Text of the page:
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Thursday, February 1, 2018 by Andrew Weber

Dockless bikes are (maybe) coming to Austin. But first, let’s talk it out.

Nobody wants to be the withholding stepparent.

That’s why, when dockless bike companies Ofo and Spin rolled out during South by Southwest last year, they put the city in a tough spot. Austin, which markets itself as an innovative, tech-savvy city, had to stifle two seemingly forward-thinking tech startups during a festival that’s been a launchpad for so many others. But there was no getting around it – literally, in some cases.

Unlike Austin’s B-cycle, the smartphone-enabled rental bikes don’t have to be dropped off at a docking station. The bikes were unregulated and unvetted by the city and ended up obstructing sidewalks. But, while Ofo’s bikes were cited, the Austin Transportation Department reached a deal with Spin, allowing its bikes to roll along for the final days of the festival.

Since that soft launch at SXSW, dockless bike companies have sprung up in other cities – most notably Washington, D.C., Seattle and Dallas. And today, City Council will weigh whether to give an OK to a pilot program that looks to build upon those cities’ (often viral) missteps.

As the “drop it when you’re done” bike model has mushroomed across the U.S., cities have greeted these programs with caution.

D.C. is asking residents to test out and provide feedback on five dockless bike-shares over a seven-month pilot period. Seattle’s dockless bike pilot ended in December, but the bikes will stick around at least another six more months. In the meantime, the city will analyze the data it collected during the pilot before giving the go-ahead to permanent rules.

The benefit to the bikes are their convenience: You can open up an app and find one near you wherever you go. That benefit is also a detriment: If you can find them everywhere, they’re probably going to end up in some weird places.

They’ve been found on roadsides in D.C., stacked in gnarled masses along Seattle sidewalks and dumped in lakes in Dallas.

Last month, the Dallas city manager sent a letter to the five dockless bike-share companies operating there telling them they had three weeks to move bikes from sidewalks, roads and trails. The National Park Service has impounded a dozen abandoned bikes near national monuments. And Seattle’s transportation department is leery of whether providers will comply with city ordinances, if the city decides to give the OK to a permanent program.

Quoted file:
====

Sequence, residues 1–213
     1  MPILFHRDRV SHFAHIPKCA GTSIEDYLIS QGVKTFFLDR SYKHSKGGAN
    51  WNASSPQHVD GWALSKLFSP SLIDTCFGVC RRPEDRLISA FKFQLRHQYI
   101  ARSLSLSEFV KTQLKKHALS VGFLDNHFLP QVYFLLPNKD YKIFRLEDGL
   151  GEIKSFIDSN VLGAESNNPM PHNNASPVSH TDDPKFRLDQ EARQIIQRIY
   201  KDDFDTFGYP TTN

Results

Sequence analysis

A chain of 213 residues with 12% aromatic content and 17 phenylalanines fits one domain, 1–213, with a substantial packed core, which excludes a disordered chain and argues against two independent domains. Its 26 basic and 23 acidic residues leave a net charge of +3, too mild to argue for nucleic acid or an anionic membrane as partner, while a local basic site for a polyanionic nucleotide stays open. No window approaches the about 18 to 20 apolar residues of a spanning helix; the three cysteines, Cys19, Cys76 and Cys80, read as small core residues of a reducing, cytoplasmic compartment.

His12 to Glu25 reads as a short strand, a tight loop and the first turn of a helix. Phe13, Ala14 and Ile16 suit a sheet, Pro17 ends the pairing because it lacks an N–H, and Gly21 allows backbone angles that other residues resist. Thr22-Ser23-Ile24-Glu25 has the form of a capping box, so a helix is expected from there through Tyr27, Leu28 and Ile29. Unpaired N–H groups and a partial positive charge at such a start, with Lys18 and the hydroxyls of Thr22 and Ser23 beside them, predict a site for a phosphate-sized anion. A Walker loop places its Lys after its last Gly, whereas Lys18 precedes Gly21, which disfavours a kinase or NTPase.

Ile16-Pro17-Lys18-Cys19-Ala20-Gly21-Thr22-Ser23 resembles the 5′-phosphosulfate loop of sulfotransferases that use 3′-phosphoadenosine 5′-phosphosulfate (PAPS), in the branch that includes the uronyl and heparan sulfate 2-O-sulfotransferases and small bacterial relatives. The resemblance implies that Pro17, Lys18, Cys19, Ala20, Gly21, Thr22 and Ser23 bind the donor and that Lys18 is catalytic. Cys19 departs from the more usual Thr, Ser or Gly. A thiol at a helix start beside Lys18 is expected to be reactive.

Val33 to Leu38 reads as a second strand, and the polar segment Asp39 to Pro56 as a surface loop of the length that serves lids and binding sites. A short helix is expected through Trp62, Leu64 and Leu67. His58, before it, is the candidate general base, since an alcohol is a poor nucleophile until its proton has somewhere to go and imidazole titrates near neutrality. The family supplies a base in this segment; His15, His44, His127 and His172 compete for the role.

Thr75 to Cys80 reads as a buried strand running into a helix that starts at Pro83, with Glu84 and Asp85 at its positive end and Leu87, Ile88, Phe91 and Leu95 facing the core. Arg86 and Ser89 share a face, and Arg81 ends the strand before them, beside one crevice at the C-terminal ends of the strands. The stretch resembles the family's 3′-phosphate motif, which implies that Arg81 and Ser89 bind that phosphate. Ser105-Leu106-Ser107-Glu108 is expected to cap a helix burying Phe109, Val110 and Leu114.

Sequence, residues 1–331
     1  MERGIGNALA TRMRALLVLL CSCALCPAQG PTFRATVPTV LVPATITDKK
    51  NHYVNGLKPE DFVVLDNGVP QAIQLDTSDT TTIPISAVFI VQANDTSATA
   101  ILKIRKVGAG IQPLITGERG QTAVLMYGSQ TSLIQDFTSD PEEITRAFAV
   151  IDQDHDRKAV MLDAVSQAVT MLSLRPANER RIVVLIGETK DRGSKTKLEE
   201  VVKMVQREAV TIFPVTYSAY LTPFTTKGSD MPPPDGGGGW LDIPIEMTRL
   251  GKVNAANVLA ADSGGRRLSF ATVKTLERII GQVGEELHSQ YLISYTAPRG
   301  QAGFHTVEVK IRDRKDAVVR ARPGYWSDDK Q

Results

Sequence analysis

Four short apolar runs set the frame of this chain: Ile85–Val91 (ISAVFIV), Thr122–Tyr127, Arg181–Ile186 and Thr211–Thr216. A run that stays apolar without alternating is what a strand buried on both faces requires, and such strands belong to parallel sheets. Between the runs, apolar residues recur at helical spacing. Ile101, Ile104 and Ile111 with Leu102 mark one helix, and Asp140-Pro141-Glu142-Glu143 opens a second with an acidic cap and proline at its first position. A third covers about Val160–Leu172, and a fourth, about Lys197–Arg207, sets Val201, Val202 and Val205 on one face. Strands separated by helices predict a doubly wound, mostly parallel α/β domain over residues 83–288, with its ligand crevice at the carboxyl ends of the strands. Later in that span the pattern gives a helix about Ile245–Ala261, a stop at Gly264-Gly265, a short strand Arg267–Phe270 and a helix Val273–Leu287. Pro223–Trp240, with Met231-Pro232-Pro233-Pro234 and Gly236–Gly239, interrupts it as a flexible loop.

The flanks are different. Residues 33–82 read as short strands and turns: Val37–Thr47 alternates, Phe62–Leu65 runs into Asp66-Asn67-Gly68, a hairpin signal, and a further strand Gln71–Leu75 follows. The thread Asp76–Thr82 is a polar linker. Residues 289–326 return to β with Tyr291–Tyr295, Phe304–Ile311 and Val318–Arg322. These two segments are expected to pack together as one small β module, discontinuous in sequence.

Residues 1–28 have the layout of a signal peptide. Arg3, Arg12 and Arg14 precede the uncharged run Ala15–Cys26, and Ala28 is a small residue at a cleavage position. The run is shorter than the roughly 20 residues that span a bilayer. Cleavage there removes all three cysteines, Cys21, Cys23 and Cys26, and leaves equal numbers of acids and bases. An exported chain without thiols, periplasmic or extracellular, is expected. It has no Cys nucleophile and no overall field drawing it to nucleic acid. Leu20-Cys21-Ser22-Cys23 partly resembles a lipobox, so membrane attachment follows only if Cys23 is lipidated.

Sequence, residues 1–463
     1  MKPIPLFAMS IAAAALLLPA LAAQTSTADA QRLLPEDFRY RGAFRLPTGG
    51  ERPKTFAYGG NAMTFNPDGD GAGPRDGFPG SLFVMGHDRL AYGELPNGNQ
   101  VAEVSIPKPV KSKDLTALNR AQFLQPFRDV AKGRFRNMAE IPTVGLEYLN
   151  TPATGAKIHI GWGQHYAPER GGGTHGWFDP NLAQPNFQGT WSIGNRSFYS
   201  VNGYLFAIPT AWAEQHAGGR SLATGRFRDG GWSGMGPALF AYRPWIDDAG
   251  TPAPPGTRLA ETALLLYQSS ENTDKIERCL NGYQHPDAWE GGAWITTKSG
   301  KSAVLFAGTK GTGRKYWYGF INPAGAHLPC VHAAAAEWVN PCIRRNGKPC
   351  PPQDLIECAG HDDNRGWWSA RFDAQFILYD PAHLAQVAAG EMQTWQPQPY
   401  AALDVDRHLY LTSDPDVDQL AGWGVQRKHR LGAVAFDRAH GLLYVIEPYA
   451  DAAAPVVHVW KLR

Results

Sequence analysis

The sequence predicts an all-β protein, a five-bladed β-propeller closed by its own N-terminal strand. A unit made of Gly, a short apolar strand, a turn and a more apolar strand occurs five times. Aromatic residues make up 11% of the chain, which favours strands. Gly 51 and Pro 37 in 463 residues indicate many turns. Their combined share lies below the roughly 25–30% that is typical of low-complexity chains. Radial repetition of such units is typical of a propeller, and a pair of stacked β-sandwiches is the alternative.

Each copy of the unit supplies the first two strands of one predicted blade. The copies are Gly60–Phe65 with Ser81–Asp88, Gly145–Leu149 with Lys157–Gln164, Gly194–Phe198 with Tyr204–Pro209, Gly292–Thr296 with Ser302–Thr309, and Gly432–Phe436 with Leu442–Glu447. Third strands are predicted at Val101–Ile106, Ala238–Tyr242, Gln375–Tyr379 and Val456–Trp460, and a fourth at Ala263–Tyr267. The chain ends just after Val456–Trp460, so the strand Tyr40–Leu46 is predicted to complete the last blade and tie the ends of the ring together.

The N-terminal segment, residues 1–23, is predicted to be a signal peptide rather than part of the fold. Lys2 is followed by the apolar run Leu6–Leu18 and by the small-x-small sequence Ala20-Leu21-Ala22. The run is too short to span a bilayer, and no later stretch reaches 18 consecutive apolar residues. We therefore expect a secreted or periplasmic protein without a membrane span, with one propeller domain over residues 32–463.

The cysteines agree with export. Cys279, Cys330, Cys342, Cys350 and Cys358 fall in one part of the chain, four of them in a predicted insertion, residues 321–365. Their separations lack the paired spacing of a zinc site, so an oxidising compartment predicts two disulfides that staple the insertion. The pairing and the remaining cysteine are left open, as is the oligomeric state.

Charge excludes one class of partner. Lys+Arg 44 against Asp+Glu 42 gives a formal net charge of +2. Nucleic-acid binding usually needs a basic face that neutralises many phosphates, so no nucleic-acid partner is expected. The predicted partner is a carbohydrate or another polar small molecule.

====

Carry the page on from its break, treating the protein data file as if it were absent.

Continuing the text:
So, Austin is taking a decidedly less precarious route: Rubber won’t hit the road until Austinites have their say.

“What we’re proposing is to look at developing a demonstration pilot as informed by a public engagement process,” said Laura Dierenfield with the Transportation Department. “So that would offer a way for interested companies to operate in Austin on a pilot basis, but that would only be after we conduct a public engagement process to better inform the terms and framework.”

So far, the department has been in contact with Spin, Zagster, LimeBike, Ofo, Dropbike, Mobike and Garland-based VBikes, Dierenfield said. And, she said, the department is taking cues from cities already spoke-deep in ire surrounding the errant bikes, like using innate GPS connectivity to monitor which bikes are sitting idle for an extended period of time.

“The idea is to be able to see problems quickly, address them quickly, and then incentivize companies and users to maintain good order going forward,” Dierenfield said.

The Austin City Council will also vote on expanding the city’s current, station-based bike-share system, B-Cycle, by hoping to leverage federal transportation grant money to fund its goal of adding an 18 additional stations – five of which have already been built out – to its current 54-station system. The idea behind the expansion is to create a “hybrid” system, Dierenfield said, with the dockless bikes picking up slack for the B-cycle kiosks, which are largely centrally located.

“Looking at a hybrid system could have the potential benefit of having even further access to bikes,” she said. “But it’s important to really think through how that system would be managed so that there is that predictability and not any added nuisance to having accessibility to bikes beyond where the stations exist.”

Oddly enough, Dierenfield said, the department is also considering applying a key facet of the B-cycle model to a possible dockless bike program: designated parking areas.

This story has been modified since publication to clarify that the B-Cycle expansion is already underway.

Audrey McGlinchy contributed to this report. This story was produced as part of the Austin Monitor’s reporting partnership with KUT. Photo by Jorge Sanhueza-Lyon/KUT.

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Key Players & Topics In This Article

Austin City Council: The Austin City Council is the body with legislative purview over the City of Austin. It offers policy direction, while the office of the City Manager implements administrative actions based on those policies. Until 2012, the body contained seven members, including the city's Mayor, all elected at-large. In 2012, City of Austin residents voted to change that system and now 10 members of the Council are elected based on geographic districts. The Mayor continues to be elected at-large.

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